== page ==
Natasha Oakley - British Romance Author

Writer of tug-at-the-heartstrings, feel-good romance for Harlequin Mills & Boon

Sunday, July 09, 2006

How to ... write a synopsis

Leastways, this is how I did it!

I'm assuming you've finished the book and you now want to attract an editor? You've got your glass of wine, the CD player on, your foodie nibble of choice ... ?

You are now ready to write the synopsis.

I write category romance so that's what I shall concentrate on. Mills & Boon like a short synopsis. Two pages is fine. One page is better! And it's tough to do - particularly when you've already written the entire story and it's full of wonderful bits you just want to share. But, you are going to be *firm* with yourself.

Grab yourself a large pad of paper and scribble down all the big scenes. The 'And then ...' method is great because it stops you filling in too much detail. Don't worry too much about this stage of things. These are merely your notes. No one will see them ....

Next it helps if you understand what an editor is looking for when they read a synopsis.

They want to know:

- If what you've written is appropriate for the line you're submitting to.

- If you inspire confidence that you know what you're doing.

- If you've got enough story to fill the pages.

- If there's something a little bit 'special' about what you're giving them. That's the 'X' factor.

Now you're on to your headings. Give yourself a page per heading.


Depending on the story - this could be a simple statement about when and where the story is set or it could be an attention grabbing sentence. Your choice! Take your time. Play about with your options.


Introduce your main characters. Keep it simple. State facts. Be very selective about what you include. It probably doesn't matter if your heroine is blonde, but it might be worth mentioning if it's a wig she wears to cover her baldness ... (Though that might be a tricky sell!! *g*)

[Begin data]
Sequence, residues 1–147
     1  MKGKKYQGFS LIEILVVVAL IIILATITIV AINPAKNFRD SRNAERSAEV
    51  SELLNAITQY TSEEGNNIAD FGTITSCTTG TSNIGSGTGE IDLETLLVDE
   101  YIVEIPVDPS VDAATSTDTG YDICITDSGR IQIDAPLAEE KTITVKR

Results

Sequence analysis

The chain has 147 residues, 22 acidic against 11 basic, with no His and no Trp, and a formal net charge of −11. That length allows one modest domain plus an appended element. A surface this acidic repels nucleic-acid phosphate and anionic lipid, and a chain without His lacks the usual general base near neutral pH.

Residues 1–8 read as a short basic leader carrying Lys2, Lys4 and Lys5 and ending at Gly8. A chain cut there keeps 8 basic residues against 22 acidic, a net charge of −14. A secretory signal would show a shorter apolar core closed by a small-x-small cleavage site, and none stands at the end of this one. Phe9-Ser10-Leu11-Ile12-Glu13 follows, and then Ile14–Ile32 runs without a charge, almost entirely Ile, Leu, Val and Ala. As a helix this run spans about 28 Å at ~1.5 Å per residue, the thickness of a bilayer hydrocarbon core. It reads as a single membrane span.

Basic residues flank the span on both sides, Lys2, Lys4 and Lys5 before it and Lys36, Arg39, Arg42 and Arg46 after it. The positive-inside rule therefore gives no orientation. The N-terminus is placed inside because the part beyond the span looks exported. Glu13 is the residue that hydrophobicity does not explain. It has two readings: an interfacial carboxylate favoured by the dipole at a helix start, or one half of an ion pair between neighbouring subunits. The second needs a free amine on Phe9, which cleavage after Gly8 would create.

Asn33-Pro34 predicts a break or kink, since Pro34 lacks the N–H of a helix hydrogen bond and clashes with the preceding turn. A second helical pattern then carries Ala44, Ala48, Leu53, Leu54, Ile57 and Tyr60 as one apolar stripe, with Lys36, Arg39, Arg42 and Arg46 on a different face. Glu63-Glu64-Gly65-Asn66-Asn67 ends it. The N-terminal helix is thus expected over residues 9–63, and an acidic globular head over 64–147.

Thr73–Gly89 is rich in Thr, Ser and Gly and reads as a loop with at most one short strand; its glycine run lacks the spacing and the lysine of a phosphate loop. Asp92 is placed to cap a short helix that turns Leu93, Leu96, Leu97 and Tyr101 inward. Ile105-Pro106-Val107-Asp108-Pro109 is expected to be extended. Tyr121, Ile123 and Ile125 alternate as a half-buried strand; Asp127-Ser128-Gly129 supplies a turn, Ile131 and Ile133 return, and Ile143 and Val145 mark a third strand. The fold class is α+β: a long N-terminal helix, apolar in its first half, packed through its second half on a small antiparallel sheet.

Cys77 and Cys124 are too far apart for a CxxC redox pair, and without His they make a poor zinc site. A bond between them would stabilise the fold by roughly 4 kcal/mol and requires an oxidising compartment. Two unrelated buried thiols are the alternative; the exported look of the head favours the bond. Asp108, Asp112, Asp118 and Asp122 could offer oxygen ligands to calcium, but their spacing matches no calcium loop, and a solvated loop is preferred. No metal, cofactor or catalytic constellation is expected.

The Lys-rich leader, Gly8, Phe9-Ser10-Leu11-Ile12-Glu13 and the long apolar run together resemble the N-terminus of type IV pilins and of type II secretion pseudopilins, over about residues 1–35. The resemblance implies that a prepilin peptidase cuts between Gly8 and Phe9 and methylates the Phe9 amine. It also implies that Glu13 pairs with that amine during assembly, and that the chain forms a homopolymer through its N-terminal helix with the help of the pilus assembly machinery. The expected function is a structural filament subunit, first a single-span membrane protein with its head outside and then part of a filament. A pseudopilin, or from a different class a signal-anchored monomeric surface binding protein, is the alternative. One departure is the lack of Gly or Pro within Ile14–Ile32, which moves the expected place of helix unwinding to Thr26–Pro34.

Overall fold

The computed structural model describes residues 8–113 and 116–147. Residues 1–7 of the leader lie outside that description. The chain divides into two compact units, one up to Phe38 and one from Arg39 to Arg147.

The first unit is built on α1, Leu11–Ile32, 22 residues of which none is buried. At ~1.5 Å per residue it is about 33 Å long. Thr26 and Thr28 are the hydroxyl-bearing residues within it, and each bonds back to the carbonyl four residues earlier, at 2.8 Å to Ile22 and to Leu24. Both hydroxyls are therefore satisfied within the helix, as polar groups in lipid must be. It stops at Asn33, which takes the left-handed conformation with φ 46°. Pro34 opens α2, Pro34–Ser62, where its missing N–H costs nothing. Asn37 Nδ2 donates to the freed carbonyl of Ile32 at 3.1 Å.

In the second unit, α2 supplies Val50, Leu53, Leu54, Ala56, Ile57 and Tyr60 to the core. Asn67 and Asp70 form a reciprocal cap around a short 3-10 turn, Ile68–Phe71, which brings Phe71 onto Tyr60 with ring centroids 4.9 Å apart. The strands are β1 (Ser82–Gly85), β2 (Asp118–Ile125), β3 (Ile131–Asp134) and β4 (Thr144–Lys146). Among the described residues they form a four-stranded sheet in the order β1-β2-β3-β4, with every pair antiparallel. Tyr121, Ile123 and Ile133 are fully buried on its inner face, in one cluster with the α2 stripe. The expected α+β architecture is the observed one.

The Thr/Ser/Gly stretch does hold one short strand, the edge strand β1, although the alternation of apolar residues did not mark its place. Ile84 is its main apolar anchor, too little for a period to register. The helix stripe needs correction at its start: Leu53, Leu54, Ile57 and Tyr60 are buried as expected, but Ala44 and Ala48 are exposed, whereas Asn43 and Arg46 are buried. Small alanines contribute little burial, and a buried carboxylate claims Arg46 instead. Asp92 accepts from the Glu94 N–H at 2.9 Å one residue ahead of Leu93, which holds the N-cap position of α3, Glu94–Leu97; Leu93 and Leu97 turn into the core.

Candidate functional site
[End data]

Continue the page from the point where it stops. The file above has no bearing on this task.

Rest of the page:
A very little bit about where they've come from. Keep it really tight. Again state facts.


The situation that brings them together and the reason the story doesn't stop there! What's keeping two people, who clearly should be together, apart??


This is the bulk of your 'And thens ...'. What happens. List the scenes. Don't keep secrets.


If you've got enough plot to sustain the book you'll have new conflicts to put in here. Keep it specific. An editor will want to know there's enough substance to your story. What's still keeping your hero and heroine apart? Start pulling the threads of your story together.


Everything changes. Tell the editor what happens!


Nice big dramatic finish. Pull together all the loose ends in a great final 'happy-ever-after' paragraph.

And that's it! Well, almost. You now have to hone the thing into a smooth bit of prose. Take your time. Tighten and polish. Use the strongest words possible. And then print it out and place it on top of your manuscript. Deep breath ... and send it out.

If you look at my 'selling' synopsis below you'll see how I used these building blocks to put it together. I'm sure there are better synopses out there - but it was good enough to make an editor ask for the rest of my manuscript. And, honestly, that's all you need!


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